Sales Coaching Series, Part 13: Establishing if your prospect desires, needs, can use and afford your offering


Think of a time when you purchased something and the experience you went through where all of the boxes are ticked in your mind and you were confident that this was the right decision. We all purchase things everyday from a coffee in the morning through to a once-in-a-lifetime purchase. Psychologically, the person selling this to you will have painted pictures in your head, even if it is just that coffee was handed over to you with a smile and have a nice day! In other words, you must get "the feeling", warm and fuzzy, perhaps, that this was a good decision.

Let me give you a couple of personal war stories that happened to me recently to illustrate.

Purchase No. 1: My daughter moved into her new apartment and asked if I would help to mount her expensive TV onto brackets on a big, white wall. This meant me going out to buy an electric drill and to describe the task at hand to the guy behind the counter. I'm okay at DIY, but this was going a step further and I was full of trepidation.

In fairness to the guy he spotted my fear and said that if I followed his instructions that I would have four of the best drilled holes with plastic plugs inserted, that would be so strong and sturdy, it would hold up both the TV and myself if I wished!

What I realised I was buying was not a drill, but four holes that would make me look like super dad! To cut a long story short, the TV looks great and many weeks later I haven't received any emergency phone calls from my daughter!


So, in this case, I wanted the four holes, and therefore needed a drill that I could use with confidence and frankly, whatever the cost of the drill was, I was going to afford and pay for it. Purchase done and dusted ... and a win for the hardware store and a win for me!

Purchase No.2: I recall asking my other daughter to help me pick out some clothing, new shirt, trousers, shoes that sort of thing for my birthday party that some of my friends were going to attend. Obviously, the guys at home wanted me to look my best, even though what I had in the wardrobe was, to my mind, fine. How wrong I was!

I must admit I don't enjoy retail that much, so I was definitely out of my comfort zone, going into this expensive men's department. It was then I saw HIM coming towards me! I had a voucher for about €300 that I thought it would be more than adequate to kit me out for the night, and hopefully, for many nights in the future. My daughter handed me over to HIM and chaperoned me around the store for the next hour. Shirt and trousers swallowed up the voucher in double quick time! In fairness to HIM, the clothes did look great and I felt good in them!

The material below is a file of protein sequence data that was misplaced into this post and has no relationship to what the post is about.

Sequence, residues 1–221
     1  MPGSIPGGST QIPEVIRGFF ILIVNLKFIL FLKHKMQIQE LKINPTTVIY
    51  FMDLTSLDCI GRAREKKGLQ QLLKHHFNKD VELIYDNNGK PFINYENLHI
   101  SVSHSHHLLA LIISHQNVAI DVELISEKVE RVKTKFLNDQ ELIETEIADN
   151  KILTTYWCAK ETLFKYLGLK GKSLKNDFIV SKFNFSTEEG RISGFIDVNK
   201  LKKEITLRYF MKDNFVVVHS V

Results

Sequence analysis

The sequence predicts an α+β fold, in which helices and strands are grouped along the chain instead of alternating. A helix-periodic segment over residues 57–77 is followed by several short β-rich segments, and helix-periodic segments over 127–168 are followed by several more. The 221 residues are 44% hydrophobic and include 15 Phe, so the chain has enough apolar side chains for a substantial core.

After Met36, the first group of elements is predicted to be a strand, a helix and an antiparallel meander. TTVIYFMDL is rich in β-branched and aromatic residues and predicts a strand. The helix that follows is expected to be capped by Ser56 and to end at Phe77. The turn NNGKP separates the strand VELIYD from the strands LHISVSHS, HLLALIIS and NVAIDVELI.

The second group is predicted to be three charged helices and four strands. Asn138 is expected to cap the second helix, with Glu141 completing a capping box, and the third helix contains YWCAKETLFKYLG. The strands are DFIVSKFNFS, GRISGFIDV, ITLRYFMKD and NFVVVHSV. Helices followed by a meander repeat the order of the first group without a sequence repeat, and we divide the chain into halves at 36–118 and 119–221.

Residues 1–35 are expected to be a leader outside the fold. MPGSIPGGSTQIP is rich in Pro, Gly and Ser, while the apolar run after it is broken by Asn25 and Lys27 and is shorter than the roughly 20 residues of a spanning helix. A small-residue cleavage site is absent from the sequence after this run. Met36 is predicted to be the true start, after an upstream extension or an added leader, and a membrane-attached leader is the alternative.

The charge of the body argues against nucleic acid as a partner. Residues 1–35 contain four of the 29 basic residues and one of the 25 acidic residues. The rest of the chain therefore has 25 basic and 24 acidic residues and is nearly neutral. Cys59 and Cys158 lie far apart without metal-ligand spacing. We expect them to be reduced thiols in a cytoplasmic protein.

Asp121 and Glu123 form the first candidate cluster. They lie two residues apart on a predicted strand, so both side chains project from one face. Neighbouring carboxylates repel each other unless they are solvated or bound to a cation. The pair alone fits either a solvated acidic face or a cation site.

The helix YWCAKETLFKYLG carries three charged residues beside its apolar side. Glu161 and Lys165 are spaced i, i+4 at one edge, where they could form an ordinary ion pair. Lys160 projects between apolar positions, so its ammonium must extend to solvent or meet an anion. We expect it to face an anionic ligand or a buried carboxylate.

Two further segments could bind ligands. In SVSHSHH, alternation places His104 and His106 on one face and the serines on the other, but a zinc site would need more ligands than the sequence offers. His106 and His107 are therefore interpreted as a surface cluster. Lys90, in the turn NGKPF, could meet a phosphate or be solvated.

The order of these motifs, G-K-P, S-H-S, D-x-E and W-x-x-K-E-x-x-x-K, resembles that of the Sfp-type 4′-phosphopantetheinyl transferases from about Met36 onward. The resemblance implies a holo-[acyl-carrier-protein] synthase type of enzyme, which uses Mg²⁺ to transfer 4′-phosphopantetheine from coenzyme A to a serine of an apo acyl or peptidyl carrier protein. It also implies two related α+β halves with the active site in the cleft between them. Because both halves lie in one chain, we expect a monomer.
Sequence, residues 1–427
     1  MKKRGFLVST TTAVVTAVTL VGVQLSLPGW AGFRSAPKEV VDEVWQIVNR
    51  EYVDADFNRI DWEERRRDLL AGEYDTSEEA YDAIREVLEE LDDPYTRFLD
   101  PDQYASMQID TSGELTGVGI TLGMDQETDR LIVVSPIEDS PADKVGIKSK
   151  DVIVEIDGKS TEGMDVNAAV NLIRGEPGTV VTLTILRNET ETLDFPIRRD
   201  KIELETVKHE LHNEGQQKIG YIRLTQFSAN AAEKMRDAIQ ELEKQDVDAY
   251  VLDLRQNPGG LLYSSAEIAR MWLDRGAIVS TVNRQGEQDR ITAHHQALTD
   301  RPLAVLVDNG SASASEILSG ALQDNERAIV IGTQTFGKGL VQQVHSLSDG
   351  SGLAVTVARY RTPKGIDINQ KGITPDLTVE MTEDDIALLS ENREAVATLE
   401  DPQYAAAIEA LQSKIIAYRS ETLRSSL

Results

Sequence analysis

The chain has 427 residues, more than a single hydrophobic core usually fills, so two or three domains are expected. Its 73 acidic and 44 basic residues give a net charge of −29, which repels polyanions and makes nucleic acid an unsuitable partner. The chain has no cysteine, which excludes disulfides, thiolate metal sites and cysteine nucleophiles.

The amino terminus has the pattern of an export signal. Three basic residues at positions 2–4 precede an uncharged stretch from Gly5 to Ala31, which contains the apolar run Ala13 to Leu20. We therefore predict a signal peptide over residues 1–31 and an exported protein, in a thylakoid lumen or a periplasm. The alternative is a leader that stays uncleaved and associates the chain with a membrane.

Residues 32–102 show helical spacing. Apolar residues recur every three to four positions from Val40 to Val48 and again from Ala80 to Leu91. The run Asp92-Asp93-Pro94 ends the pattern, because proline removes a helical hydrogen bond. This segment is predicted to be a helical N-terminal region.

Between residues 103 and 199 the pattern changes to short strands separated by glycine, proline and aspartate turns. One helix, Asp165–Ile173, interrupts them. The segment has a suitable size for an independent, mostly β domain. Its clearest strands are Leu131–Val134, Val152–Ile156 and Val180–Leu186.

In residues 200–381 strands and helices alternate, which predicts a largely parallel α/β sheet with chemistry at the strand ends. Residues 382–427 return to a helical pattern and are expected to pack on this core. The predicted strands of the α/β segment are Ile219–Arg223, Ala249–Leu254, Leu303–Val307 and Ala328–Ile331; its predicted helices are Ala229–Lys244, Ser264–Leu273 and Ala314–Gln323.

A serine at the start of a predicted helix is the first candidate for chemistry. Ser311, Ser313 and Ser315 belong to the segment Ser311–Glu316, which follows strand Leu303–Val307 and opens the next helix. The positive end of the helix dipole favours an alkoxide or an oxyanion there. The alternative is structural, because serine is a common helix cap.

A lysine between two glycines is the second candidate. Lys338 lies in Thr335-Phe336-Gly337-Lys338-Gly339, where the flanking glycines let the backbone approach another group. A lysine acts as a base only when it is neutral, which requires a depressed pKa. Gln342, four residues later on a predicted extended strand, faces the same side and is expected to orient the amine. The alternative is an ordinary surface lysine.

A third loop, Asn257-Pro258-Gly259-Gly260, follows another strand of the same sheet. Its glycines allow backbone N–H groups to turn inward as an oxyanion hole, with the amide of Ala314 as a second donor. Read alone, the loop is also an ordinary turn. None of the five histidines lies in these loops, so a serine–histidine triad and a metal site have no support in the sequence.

You know what is coming next!

There was something missing from the ensemble and, of course, my daughter agreed. Yes, I needed a jacket to finish it off and when he draped this particular jacket on me, I must admit, had an OMG moment.

It was perfect! I wanted it. I needed it. I certainly was going to use it and as for being able to afford it, what the hell!

To cap it all, he was brilliant, went for the jugular and strongly recommended that I add a leather belt (blood-red was the "in" colour... can't believe I am actually saying that) that added another €80 to the bill. Again, I have to was perfect. So now, had I not only used up my €300 voucher, I was well on the way to more than doubling the budget. 

The purpose of these two examples is to illustrate that all buying is emotional. I really wasn't buying a drill and some clothing. I was buying confidence that four holes in the wall would hold up my daughter's TV forever, and, as regards the clothing, I was buying self image, confidence in myself and dare I say it, a little bit of ego enhancement.

Now ask yourself every time you are qualifying your prospects in future:

·        do they desire/want your offering?

·        do they need it?

·        can they use it? and finally,

·        can they afford it (or afford not to)?

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